Healthcare professionals publish low carb diabetes medication guide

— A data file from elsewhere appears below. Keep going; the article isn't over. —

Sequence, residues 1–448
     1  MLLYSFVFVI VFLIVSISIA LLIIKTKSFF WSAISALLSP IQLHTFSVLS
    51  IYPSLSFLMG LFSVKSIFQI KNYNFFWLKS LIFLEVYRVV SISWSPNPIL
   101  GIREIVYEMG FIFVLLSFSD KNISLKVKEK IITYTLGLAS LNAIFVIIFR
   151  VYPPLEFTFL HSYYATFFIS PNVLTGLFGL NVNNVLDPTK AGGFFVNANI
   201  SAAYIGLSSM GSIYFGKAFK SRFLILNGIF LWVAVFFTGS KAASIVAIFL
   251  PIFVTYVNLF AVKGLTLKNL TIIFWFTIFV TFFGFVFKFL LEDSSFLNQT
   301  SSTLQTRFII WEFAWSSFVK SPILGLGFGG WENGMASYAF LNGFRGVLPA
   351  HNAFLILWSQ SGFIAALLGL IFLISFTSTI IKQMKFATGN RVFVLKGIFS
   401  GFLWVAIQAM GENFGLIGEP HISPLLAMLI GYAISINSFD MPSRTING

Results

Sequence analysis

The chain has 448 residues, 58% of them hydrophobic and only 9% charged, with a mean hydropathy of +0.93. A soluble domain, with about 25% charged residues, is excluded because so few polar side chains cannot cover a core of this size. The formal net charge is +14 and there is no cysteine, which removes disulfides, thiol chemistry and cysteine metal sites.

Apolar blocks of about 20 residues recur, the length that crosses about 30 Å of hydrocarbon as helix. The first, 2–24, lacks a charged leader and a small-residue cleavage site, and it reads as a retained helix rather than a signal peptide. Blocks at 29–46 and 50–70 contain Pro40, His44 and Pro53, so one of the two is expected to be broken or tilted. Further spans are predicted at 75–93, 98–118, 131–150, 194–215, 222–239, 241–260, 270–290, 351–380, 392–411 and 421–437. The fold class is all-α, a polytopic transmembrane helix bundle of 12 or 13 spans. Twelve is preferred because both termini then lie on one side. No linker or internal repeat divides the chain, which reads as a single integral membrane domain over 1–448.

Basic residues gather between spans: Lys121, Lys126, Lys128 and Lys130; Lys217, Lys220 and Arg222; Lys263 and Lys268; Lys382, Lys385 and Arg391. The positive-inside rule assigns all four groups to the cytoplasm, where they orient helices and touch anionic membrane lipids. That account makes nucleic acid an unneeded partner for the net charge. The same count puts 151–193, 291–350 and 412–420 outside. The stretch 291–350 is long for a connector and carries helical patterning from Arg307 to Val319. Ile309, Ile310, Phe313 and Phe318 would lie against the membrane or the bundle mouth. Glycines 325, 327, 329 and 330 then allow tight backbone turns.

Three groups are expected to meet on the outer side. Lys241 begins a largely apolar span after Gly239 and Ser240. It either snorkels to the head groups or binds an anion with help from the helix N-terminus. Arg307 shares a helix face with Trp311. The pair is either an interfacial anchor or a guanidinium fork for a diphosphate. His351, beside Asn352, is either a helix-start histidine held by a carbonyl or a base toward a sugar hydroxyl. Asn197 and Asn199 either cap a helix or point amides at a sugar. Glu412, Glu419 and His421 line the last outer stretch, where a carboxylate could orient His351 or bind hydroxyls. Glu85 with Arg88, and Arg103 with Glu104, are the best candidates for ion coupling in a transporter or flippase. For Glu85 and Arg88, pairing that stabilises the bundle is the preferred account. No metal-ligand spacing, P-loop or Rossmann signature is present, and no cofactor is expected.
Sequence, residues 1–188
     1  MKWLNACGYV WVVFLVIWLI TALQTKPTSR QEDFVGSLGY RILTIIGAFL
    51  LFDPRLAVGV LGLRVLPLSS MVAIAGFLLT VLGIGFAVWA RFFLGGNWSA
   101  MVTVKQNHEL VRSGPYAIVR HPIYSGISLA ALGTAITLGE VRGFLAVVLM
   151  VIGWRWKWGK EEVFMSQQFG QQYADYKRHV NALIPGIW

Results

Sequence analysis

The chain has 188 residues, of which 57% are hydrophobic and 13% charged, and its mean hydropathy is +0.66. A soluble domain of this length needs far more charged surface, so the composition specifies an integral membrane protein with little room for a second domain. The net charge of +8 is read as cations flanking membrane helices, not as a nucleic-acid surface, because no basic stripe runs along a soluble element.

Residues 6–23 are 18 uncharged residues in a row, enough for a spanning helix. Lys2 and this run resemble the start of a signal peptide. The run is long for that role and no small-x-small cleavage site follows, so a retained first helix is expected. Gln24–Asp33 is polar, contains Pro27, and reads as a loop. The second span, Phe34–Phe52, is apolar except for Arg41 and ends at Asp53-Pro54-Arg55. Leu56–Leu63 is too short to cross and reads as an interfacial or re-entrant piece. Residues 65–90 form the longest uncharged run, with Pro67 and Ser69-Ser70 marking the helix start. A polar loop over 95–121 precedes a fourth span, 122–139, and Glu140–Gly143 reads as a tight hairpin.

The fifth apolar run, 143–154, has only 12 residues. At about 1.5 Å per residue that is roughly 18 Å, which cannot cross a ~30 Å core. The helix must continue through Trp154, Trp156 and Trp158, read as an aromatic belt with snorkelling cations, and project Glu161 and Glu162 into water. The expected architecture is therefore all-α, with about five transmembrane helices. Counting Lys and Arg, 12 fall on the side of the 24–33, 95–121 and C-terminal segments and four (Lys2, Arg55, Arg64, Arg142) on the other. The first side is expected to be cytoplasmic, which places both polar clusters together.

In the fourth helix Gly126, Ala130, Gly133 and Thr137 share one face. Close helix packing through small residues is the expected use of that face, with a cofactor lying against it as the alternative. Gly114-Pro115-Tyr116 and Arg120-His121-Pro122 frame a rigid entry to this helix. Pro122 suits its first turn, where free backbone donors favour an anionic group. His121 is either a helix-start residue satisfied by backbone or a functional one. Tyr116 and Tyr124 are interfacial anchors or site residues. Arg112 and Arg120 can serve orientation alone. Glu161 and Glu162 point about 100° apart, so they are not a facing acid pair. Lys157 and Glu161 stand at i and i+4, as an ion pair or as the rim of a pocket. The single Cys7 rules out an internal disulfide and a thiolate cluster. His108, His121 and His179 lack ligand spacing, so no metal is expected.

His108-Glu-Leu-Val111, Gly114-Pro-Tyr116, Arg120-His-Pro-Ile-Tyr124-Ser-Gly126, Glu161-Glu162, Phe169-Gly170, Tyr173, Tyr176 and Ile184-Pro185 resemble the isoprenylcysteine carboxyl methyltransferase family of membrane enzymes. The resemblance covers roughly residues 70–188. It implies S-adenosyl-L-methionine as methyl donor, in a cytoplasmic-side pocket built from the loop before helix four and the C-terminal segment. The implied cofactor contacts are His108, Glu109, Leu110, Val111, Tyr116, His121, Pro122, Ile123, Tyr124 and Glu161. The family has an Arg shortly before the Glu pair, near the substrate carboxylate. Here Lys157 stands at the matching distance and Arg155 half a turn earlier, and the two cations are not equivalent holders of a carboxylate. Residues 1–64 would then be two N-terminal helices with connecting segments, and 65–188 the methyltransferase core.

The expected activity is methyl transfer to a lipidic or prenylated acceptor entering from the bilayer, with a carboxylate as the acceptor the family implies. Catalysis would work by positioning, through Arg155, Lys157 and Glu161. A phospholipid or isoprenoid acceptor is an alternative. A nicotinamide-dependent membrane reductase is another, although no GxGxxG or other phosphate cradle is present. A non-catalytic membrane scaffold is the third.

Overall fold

A group of healthcare professionals have published a practical guide on type 2 diabetes medications in the context of a low carb diet. It is hoped this guide will allow other healthcare professionals to make informed choices around their patients’ medications, should they choose to try out a low carbohydrate lifestyle. The authors are Dr Campbell Murdoch, GP in Somerset and Chief Medical Officer at Diabetes Digital Media; Dr David Unwin, GP in Southport and RCGP clinical expert in diabetes; Dr David Cavan, diabetes consultant in London and Bermuda; Dr Mark Cucuzzella, Professor at West Virginia University School of Medicine, USA; and Dr Mahendra Patel, pharmacist in Yorkshire. Low carb lifestyles have been growing in popularity over the last few years. This is perhaps due to the increasing evidence of their power to help people lose weight, improve metabolic health and control type 2 diabetes, even placing it in remission in some cases. However, despite the benefits a low carb way of eating can bring, the changes the body undergoes can raise certain challenges when it comes to type 2 diabetes medication. One of the first things to happen when a person with type 2 diabetes begins eating low carb is blood glucose levels start to fall. This is, of course, seen as a good thing, as blood glucose levels are, by definition, too high in type 2 diabetes. However, there is a risk that restricting carbs, while on certain diabetes medications, could cause blood sugars to fall too low, causing hypoglycaemia, or a ‘hypo’. The guide highlights insulins and sulphonylureas (such as gliclazide) as medications which pose a hypo risk with low carb, and so are likely to need to be reduced or stopped. Other medications that do not pose a hypo risk, such as metformin and GLP-1 agonists, could be considered on their individual merits. While hypertension (high blood pressure) medications are not discussed at length in the guide, the authors do note that blood pressure often falls on a low carb diet and so these medications may also need discussing with one’s doctor. Dr Campbell Murdoch, co-author of the guide and Chief Medical Officer at Diabetes Digital media has this to say about the publication: “More people with type 2 diabetes are choosing a low carbohydrate approach to manage the condition and potentially place it into remission. It is important that clinicians have the tools to support patients and adjust their medications appropriately. Clinical practice can be very busy. “We knew a clinician-friendly resource was needed for prescribers including; doctors, nurses, pharmacists, and dietitians. This practical guide makes the healthcare professional’s role in adjusting diabetes medications easier, and patients feel supported with safe and effective care. The article supports choice and best practice for type 2 diabetes care. We hope it helps to improve the lives of individuals and accelerates the reversal of the global type 2 diabetes epidemic.” Our own Low Carb Program, which has over 400,000 users, is a resource designed to deliver structured education and support in following a low carb lifestyle. Our one-year outcomes have seen people with type 2 diabetes, on average, lose 7.4kg and reduce their HbA1c by 1.2%, with 1 in 4 achieving remission. The guide was published in the British Journal of General Practice and is free to access. Please note that the suggestions outlined in the guide are intended for consideration by healthcare professionals and do not constitute medical advice to patients. Any queries around changes to medication should be discussed with your doctor.